Then there are those relationships that we jump into to get some unmet needs fulfilled. Whatever it is, we have to start becoming familiar with our intentions and why we want a relationship. We need to learn what our needs are in a relationship, be open and expressive about them and present our authentic self. This way both us and the other who gets into a relationship with us know what we are getting into. We can make an informed decision for how we want to make the relationship work.

At the end, if a relationship is abusive, obsessive or controlling, we need to respect ourselves and let go. If there is too much disharmony and conflict and all of our problem solving skills -- including getting expert advice -- have not helped, it may be time to let go. There are times for following separating paths; old skin must be shed for the new to surface. If a relationship is not growing and becomes damaging rather than nurturing, then there may be time to discard it. Progress is essential in life and peeling away is needed for what does not serve. Sometimes retreat is the way to go to decide what needs to be done in a relationship.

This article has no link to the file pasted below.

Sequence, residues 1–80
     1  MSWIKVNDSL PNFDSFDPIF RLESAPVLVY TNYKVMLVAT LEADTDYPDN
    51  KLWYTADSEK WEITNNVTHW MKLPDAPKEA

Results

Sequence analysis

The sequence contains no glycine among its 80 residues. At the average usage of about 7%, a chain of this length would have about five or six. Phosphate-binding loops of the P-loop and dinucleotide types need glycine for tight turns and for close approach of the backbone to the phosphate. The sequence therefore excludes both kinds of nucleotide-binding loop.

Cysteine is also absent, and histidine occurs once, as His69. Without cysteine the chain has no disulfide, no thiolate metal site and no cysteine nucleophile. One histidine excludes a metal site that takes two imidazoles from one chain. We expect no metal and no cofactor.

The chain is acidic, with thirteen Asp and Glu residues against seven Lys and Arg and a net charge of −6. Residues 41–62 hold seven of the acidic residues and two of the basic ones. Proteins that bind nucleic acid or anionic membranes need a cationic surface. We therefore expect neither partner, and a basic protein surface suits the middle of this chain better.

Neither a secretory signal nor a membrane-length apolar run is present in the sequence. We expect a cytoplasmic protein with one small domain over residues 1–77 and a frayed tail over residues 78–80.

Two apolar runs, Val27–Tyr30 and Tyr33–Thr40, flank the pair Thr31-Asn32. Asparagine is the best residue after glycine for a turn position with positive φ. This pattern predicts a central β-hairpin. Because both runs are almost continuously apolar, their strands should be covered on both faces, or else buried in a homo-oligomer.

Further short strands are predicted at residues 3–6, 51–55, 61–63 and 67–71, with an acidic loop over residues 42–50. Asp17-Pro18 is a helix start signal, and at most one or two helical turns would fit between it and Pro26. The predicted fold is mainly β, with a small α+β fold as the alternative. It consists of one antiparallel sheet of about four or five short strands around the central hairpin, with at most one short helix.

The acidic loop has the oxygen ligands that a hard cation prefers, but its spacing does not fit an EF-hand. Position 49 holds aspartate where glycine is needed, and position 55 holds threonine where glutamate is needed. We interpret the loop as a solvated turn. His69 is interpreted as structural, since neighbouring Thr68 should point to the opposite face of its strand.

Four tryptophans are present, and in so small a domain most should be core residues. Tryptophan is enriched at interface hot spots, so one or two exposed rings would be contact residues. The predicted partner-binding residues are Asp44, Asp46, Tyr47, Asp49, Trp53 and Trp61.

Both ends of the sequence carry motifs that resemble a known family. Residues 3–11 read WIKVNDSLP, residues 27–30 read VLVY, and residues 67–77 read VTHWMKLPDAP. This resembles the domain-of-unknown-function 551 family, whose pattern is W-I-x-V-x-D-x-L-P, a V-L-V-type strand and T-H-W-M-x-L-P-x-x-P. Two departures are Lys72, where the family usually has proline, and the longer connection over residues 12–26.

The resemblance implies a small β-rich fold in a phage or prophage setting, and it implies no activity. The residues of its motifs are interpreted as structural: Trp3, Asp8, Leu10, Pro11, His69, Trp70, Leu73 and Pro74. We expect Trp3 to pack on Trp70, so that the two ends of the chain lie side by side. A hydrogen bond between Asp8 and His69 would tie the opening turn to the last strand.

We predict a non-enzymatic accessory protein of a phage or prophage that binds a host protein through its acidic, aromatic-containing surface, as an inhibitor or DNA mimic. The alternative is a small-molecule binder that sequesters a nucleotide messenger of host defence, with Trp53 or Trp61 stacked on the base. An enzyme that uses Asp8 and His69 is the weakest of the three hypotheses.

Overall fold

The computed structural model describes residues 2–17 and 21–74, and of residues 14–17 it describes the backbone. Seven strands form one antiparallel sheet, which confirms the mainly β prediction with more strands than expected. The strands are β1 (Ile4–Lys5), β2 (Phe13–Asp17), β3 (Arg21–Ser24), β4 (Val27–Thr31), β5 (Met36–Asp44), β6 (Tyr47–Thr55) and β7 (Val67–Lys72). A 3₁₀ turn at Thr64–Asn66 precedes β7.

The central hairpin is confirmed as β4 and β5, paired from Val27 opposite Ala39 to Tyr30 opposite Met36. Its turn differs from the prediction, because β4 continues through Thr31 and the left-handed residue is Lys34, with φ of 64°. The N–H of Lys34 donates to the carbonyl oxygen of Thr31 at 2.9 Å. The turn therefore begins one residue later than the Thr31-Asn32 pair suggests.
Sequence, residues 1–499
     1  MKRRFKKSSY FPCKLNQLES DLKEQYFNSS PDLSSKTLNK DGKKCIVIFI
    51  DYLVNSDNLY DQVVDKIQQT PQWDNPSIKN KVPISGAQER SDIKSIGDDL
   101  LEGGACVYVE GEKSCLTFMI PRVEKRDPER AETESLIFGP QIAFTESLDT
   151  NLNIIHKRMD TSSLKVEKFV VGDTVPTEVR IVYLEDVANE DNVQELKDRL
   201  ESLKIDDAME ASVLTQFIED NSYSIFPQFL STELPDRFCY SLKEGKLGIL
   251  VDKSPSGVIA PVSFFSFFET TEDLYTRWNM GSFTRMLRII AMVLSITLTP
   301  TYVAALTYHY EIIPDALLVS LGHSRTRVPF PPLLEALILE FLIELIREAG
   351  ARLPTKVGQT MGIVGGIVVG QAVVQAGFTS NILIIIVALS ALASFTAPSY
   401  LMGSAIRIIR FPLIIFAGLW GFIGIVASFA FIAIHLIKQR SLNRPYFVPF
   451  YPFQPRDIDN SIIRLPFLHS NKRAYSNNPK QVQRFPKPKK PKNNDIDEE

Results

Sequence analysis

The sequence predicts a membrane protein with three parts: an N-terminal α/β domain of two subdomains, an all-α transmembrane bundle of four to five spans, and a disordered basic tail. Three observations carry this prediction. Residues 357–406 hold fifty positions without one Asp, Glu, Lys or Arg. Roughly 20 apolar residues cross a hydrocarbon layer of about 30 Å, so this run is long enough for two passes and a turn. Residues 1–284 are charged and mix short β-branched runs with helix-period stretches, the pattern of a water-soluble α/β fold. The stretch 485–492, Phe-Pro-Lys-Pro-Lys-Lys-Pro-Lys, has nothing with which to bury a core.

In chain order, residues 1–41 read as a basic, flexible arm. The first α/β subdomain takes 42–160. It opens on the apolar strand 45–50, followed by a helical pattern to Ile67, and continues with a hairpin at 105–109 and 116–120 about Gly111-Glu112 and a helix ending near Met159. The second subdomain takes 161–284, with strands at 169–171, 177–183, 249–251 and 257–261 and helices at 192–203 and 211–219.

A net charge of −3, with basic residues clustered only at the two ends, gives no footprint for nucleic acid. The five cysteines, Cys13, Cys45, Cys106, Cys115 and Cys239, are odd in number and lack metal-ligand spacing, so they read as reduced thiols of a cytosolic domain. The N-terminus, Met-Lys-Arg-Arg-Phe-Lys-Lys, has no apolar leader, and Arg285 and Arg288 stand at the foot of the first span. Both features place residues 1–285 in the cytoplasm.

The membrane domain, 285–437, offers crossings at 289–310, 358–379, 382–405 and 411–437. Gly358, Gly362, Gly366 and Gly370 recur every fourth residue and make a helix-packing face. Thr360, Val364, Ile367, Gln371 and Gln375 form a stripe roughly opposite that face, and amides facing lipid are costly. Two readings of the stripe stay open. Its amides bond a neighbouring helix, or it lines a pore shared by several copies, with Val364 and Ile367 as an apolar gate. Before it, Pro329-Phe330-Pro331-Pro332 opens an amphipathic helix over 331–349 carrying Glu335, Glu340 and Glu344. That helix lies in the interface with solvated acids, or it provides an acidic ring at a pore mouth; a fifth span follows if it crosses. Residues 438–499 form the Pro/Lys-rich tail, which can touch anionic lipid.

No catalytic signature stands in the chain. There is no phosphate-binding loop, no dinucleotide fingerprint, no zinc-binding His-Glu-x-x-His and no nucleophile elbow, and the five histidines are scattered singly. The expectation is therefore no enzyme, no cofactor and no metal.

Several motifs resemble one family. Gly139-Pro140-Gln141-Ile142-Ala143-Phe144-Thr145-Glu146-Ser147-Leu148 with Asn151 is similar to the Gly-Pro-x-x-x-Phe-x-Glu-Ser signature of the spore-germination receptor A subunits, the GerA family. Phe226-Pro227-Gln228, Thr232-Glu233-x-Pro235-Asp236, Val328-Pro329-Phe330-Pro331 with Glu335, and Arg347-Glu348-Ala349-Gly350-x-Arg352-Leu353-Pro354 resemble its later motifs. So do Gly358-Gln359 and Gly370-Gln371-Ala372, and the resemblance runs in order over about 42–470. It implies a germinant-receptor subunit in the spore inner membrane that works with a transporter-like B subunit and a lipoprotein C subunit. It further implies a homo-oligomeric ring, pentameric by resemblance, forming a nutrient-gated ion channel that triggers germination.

In the end, to receive, something must be given. Sometimes we may have to let go of a habitual behavior or a cultural conditioning to be able to grow and expand. We also may have to let go of attachments when it is time to release.


http://www.huffingtonpost.com/roya-r-rad-ma-psyd/the-psychology-of-falling_b_602373.html

I thought the above article was interesting.  Where does your idea of love fall in terms of this article?
Avatar_f_tn
You've been so thorough in your explorations there is little for me to add. I agree with the concept of different categories, it explains a lot. I especially agree with the final paragraphs about separating. Many of us have no idea what true love is, we start off coming from a place of need, like a child. We take our Inner Child into all our personal relationships and this can be the source of both joy and pain. Love hurts, I know that, particularly when it ends. It often happens that one person carries on loving when the other has stopped. Yet the memories keep us hooked. Its important to recognize when what we have is not the same as what we once had or wish we still possessed. Perhaps there is no such thing as everlasting love - or, it is rarer than most of us think.